Definition and Purpose of the Test
Romberg test is a screening measurement of the body’s sense of positioning or balance. A good balance requires a healthy function of spinal cord’s dorsal columns. This test is used by doctors in a neurological examination.
Cerebellar influence on the motor system is reflected in the balance control and coordination. A person needs at least two of the three senses to maintain balance when standing:
Proprioception is the unconscious perception of movement and the ability to know one’s body in a space. Sensation is the ability of a person to feel pressure, touch or vibration. Vision is the ability to see which is helpful in monitoring changes in balance.
Balance of a person is made possible even though one sense is absent. For example a person without the spatial orientation arising from stimuli within the body itself can still maintain balance with the use of the ability to see and ability to feel touch, pressure or vibration. If a person has a loss of balance a positive Romberg sign is interpreted.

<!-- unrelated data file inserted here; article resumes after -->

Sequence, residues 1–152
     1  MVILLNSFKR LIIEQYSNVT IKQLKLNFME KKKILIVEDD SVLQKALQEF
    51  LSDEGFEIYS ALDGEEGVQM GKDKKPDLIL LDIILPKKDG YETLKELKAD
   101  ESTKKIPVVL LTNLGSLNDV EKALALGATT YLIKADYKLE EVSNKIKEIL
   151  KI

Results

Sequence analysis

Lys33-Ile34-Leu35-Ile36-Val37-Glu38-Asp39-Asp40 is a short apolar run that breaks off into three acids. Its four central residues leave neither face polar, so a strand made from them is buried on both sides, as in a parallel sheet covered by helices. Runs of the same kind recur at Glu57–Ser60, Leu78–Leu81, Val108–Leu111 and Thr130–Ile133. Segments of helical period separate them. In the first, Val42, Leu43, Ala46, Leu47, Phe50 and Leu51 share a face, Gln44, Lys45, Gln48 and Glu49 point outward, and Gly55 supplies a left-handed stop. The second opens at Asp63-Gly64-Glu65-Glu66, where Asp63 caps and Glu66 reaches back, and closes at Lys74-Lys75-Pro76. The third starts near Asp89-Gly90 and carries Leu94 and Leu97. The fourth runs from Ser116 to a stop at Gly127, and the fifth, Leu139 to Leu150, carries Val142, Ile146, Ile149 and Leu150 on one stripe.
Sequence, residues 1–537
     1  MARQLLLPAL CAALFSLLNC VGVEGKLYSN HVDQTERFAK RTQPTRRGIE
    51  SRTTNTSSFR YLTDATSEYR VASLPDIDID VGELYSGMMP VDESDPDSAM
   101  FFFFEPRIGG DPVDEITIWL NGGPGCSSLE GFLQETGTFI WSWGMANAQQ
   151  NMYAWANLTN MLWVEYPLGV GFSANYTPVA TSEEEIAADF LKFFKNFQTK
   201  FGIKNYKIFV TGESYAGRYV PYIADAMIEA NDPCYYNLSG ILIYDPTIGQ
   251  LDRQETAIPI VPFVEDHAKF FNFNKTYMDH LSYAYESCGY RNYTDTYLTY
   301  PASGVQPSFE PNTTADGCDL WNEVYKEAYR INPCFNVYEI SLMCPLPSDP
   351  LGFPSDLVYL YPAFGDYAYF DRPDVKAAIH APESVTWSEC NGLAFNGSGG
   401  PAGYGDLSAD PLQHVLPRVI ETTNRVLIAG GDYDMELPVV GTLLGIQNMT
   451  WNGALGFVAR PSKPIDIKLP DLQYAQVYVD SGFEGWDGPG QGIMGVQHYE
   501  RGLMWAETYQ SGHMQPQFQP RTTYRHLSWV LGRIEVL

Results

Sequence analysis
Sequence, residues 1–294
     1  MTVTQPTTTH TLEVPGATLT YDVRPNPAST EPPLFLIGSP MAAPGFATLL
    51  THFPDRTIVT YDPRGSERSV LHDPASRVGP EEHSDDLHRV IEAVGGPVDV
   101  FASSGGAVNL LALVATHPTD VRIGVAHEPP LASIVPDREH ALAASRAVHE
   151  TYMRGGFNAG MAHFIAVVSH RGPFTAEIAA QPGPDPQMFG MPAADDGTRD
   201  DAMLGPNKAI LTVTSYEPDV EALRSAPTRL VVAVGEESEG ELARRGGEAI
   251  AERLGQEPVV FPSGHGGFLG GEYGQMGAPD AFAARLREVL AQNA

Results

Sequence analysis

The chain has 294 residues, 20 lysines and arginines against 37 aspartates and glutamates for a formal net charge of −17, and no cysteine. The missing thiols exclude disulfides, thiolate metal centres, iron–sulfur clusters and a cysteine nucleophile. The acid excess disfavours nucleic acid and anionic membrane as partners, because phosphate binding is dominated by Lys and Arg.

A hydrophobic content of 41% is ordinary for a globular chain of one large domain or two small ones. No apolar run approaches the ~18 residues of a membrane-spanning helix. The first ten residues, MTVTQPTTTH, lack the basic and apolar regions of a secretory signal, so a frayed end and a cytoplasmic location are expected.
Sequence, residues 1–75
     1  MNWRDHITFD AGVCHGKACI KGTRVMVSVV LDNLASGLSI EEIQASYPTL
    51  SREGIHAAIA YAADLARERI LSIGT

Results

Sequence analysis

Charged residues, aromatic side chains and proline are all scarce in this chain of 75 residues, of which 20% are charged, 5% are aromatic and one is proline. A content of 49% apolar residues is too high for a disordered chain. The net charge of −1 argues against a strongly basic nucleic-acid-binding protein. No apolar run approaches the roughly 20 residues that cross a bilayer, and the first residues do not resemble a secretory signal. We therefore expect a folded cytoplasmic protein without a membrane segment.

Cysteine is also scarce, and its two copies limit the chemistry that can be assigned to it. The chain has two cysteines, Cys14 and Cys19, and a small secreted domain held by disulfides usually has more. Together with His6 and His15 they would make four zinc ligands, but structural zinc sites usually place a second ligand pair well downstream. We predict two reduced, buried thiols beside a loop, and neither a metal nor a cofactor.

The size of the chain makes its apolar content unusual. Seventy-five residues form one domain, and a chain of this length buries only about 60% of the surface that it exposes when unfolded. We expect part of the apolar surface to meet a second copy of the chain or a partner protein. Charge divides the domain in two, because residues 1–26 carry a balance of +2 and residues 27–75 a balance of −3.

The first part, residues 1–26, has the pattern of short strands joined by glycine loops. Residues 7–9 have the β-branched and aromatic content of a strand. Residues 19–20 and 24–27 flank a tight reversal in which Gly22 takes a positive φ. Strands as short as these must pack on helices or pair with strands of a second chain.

- Ask the client to stand erect with feet together and arms at the side, first with eyes open then with both eyes closed for one full minute (some books state 20-30 seconds only).
- The examiner should stand near the client as a precaution to stop the client from falling over and assure the client that he or she will be supported if he or she begins to fall. A strong assistant is recommended for large subjects or clients. The examiner should stand ready to catch the client who has the risk of falling.
- The client with balance problem becomes more unsteady with his or her eyes closed.
- Watch the movement of the client’s body. A slight swaying is normal. A positive Romberg sign is noted when irregular swaying and toppling (falling over) occurs when the eyes are closed.
The first step of the procedure demonstrates that at least two of the three senses to maintain balance are intact or present. This is demonstrated by a good balance with the eyes open at the beginning of the test. The vision is removed in the next step by instructing the subject to close his or her eyes. If the other two senses of maintaining balance (proprioception and sensation) are intact the client will not fall. If prioception is defective, expect the client to sway irregularly and fall or topple.